One of the mysteries of the English language finally explained.
(of a bomb or other explosive weapon) not having been detonated.
- ‘Undetonated mines still lurk around the designated military sites and visitors should consequently side step any scrap metal objects at all costs.’
- ‘Since 1992, it has been a protected place for bald eagles, mule deer, and other animals, and since 1996 the U.S. Army has been scooping up undetonated Sarin bomblets.’
- ‘Also present was an undetonated incendiary device.’
- ‘As well, the spectre of death hangs over the film in another sense, as an undetonated bomb sits in the middle of the orphanage.’
- ‘This is handy for letting Duke know that there maybe some undetonated bombs lying around.’
- ‘A second explosive was found undetonated in a grassy park near the mosque.’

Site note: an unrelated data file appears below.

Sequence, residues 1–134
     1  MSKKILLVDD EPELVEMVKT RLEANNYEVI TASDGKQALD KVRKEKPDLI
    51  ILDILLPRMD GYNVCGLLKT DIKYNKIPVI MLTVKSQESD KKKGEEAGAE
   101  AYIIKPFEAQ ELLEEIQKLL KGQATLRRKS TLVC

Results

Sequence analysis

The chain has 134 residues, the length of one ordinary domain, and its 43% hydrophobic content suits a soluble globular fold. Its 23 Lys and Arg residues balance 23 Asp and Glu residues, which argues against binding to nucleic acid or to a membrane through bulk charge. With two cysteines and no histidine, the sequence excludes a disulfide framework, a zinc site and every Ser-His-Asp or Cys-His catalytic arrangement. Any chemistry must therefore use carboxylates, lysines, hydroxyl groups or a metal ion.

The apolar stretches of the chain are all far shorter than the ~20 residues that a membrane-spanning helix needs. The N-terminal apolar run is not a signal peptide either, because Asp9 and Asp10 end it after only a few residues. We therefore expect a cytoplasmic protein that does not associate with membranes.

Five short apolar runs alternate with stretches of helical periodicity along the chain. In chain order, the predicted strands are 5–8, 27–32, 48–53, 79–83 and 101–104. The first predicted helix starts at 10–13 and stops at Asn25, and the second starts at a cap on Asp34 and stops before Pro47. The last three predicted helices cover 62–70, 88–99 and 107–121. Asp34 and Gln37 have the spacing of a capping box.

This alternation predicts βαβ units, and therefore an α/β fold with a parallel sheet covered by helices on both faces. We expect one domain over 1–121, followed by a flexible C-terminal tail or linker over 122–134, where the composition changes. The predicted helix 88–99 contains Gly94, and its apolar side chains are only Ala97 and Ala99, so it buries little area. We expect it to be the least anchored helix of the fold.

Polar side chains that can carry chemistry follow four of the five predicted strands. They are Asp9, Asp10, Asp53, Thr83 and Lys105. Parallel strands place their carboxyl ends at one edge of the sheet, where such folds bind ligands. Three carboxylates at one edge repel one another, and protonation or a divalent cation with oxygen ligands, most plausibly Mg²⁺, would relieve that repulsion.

- ‘An April 2002 cease-fire put a stop to the 25-year civil war, though millions of undetonated mines are still believed to litter the countryside.’
- ‘He said no forensic examination was ever made of any of the bomb sites or of undetonated devices.’
- ‘We heard warnings and saw signs throughout Cambodia especially, warning not to wander off of the paths due to the threat of undetonated landmines still very much a reality.’
- ‘The bomb remained undetonated.’
- ‘Of the two mines which remained undetonated on 7 June, the details of their precise location were mislaid by the British following the war, to the discomfort of local townspeople.’
- ‘Nitrogen isotopic ratios also differ between explosion residues and undetonated explosives because the lighter isotopes are preferentially volatilized by the heat of an explosion.’
- ‘If a bomb squad is able to recover an undetonated device, the chemical analysis is easy.’
- ‘Travel in up-country Laos can still be dangerous - much debris from this deluge of terror is undetonated.’
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